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Masters after a degree in Physics

  1. Mar 13, 2014 #1
    This would be my debut here, so no idea if I'm posting in the wrong neighborhood.

    Anyway, here's my story: I've been a tinkerer ever since - I would butcher appliances up and keep those magnets/coil guts, I fixed some toys too. I enjoyed building things. Electronics and Mechatronics/Robotics currently fascinates me. :!!)

    So now, here I am with just a few more semesters before graduating. I'm taking up B.S. in Applied physics in a local university. Since there's no Mech Eng available here, I took up a Physics degree instead - Major in Instrumentation (they do no robots in EE). My upperclassmen did theses like quadcopter, telescopes, basic drones, etc. so I think I'm on the right path.

    I plan to enter grad school after, so can you guys recommend some Master's degree I could take? To give you an idea, look for Grant Imahara. I like what he does - I mean he builds robots and stuffs, he do machines and tinkering. I want a job about these things. Any MS degree out there to make me fit enough to do what Grant does? These Instrumentation courses of mine wont suffice.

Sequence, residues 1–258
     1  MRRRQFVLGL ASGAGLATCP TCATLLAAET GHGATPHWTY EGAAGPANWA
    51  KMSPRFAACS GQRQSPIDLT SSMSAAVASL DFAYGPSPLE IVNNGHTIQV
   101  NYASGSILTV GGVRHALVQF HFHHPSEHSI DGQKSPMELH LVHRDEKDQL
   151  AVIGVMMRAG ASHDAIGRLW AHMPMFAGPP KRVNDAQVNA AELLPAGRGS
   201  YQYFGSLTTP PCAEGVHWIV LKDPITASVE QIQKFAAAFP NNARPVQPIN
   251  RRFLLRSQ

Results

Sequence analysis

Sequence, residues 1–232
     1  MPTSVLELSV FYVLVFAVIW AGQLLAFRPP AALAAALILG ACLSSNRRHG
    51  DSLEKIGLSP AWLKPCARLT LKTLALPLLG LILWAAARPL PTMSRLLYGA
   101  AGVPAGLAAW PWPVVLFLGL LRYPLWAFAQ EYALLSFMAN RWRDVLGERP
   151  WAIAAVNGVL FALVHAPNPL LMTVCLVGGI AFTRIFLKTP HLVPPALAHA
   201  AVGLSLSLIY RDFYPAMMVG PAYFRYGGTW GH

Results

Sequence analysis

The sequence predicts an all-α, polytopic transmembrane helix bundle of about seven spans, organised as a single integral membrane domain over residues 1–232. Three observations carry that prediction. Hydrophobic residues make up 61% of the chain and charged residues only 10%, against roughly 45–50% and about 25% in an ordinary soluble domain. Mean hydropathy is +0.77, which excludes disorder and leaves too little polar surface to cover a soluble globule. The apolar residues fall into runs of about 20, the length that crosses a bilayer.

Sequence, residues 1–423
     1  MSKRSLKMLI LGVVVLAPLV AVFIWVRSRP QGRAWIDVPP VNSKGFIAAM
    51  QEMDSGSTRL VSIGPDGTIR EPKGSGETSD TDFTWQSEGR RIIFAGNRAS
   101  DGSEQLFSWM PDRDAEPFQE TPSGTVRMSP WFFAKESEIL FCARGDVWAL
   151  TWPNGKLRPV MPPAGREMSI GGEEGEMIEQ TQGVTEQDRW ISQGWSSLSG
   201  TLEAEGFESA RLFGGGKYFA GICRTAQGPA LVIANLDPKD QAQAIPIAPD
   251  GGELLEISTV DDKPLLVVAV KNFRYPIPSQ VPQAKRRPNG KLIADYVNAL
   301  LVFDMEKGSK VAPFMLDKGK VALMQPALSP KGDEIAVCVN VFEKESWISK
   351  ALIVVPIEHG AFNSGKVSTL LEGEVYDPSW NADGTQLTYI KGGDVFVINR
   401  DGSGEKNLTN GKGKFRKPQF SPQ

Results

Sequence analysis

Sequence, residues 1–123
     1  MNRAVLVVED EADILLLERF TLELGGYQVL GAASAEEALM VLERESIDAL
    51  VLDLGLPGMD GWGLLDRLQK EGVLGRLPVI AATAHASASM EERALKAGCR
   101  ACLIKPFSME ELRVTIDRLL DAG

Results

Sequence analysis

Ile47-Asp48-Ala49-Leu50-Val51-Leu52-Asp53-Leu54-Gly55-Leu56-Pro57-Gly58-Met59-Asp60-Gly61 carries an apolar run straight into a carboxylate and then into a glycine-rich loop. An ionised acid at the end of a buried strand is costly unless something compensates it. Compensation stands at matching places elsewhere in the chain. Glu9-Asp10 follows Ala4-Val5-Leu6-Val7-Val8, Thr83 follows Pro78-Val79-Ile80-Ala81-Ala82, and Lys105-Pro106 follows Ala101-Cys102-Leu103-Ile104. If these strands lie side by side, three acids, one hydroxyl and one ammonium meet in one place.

Thank you.
     
  2. jcsd
  3. Mar 13, 2014 #2

    StatGuy2000

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    I know who Grant Imahara is (I'm a fan of Mythbusters). From what I've read, he has a BS in EE, so for someone like yourself, perhaps a MS in EE may lead to what you're looking for?
     
  4. Mar 13, 2014 #3
    I only have a slight idea what is tackled in EE, but as mentioned, the EE people here don't work on robotics (which is the field I want). I dont know if BS/MS EE in other colleges engages in Robotics. But since I'm in the 3rd world, I doubt that.
     
  5. Mar 13, 2014 #4

    StatGuy2000

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    Egoist,

    I don't know where specifically you are physically based, but to my knowledge, robotics is a research field that is shared between electrical and mechanical engineering, with each focusing on slightly different things. I used to work as a statistician for an engineering company specializing in robotics and the majority of engineers who worked there were either EE or ME.

    I would think that if robotics is not covered in the undergraduate EE curriculum where you study, it could be covered in the graduate program, assuming you intend to pursue your graduate studies in your home country. If you intend on pursuing graduate studies in say, the US, Canada, Australia or any of the EU countries, I can pretty much guarantee that robotics will be covered in the masters electrical or mechanical engineering programs.
     
  6. Mar 13, 2014 #5
    That's nice to hear...
    And to be honest, I really prefer to do my graduate study in a foreign land.
     
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